Rock created the show with writer Ali LeRoi, and the two clearly cohabit the same wavelength. You could argue that the characters of Rochelle and Julius revert at times to stereotype, but only if you were determined to find fault. The cast is uniformly strong, and the foibled characters feel rooted in real life.

Through the history of the medium there have been classic TV families -- the Ricardos, the Petries, the Bunkers, the Huxtables, a few others. It's too early to say that the "Everybody Hates Chris" quintet will join that list. But it's a mark of the show's promise that the idea does come to mind.

http://www.washingtonpost.com/wp-dyn...102405_pf.html
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post #5216 of 25503 Old 09-22-2005, 12:53 PM - Thread Starter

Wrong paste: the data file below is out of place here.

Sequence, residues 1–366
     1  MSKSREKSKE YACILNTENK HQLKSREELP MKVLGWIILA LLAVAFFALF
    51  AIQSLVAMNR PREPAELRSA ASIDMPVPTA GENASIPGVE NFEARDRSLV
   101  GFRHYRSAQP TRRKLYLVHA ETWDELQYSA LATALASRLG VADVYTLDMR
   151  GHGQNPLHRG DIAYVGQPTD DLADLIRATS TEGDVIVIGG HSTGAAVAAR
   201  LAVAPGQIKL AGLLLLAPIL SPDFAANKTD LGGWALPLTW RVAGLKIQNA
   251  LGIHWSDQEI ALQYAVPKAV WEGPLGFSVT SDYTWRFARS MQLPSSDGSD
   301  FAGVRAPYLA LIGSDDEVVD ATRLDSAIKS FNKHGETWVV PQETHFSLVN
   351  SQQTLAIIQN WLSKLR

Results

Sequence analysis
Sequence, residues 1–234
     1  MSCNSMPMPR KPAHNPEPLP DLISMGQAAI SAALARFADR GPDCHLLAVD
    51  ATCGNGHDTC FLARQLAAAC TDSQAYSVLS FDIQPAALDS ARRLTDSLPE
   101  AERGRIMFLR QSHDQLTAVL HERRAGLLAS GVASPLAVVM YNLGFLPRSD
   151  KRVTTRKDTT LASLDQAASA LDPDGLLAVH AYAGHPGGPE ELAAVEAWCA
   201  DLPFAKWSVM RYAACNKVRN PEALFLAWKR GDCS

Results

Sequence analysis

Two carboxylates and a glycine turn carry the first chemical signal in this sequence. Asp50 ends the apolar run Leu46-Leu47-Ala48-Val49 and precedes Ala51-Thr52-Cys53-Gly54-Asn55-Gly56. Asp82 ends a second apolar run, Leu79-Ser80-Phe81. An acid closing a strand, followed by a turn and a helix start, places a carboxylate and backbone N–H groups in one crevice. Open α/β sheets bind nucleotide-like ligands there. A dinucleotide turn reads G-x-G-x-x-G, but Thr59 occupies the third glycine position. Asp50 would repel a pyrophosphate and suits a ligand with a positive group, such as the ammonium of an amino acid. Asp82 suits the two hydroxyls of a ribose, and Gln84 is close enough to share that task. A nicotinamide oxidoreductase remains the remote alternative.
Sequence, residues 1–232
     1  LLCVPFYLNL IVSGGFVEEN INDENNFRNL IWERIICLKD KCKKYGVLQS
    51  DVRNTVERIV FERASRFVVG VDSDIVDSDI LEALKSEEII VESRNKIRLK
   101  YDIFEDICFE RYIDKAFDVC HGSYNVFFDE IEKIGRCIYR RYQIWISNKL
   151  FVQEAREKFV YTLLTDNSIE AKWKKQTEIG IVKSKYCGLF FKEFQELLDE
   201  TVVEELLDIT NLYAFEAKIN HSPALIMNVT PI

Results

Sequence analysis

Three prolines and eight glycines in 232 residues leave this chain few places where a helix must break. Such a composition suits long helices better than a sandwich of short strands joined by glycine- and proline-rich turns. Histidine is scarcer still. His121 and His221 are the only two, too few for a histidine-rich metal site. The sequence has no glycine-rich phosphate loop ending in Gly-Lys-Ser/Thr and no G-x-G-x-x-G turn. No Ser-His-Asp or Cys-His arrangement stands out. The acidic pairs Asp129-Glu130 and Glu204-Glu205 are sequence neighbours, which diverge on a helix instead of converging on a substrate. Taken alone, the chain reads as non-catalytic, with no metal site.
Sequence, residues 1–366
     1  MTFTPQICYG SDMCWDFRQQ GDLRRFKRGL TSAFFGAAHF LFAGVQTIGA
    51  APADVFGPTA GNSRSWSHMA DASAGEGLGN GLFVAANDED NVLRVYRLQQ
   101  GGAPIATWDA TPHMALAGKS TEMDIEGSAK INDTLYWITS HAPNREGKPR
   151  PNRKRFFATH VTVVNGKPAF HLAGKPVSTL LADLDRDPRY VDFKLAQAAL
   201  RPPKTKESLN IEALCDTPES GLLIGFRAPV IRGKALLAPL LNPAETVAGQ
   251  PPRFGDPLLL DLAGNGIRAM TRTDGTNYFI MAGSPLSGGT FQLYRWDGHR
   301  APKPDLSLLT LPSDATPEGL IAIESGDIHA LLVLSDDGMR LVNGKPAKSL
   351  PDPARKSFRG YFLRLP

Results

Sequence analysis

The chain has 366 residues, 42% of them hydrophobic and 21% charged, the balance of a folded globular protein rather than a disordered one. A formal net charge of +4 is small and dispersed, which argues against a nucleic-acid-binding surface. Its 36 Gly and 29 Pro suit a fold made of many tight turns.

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TV SEASON PREVIEWS
'Criminal Minds'

The Los Angeles Times

Stars: Mandy Patinkin ("Dead Like Me," "Chicago Hope"), Thomas Gibson ("Dharma & Greg," "Chicago Hope"), Shemar Moore ("Diary of a Mad Black Woman"), Matthew Gray Gubler, Lola Glaudini, A.J. Cook.

The premise: The constitutionally intense, helplessly rabbinical Patinkin is well cast as the latest in what is turning into a long line of uncannily accurate, slightly disturbed criminal profilers, back in the saddle for the FBI from an unscheduled hiatus after the death of a partner. Gibson is the team's cool head, Gubler the misfit genius full of facts and statistics some of them actually quite interesting.

http://www.calendarlive.com/printedi...rint.htmlstory
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post #5217 of 25503 Old 09-22-2005, 12:54 PM - Thread Starter
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TV SEASON PREVIEWS
'Criminal Minds'

By Scott D. Pierce Salt Lake City Deseret Morning News

CRIMINAL MINDS is not only one crime-drama too many for CBS, but it's the most reprehensible show of the year. Gross, gratuitous violence makes this nothing short of stomach-churning exploitation.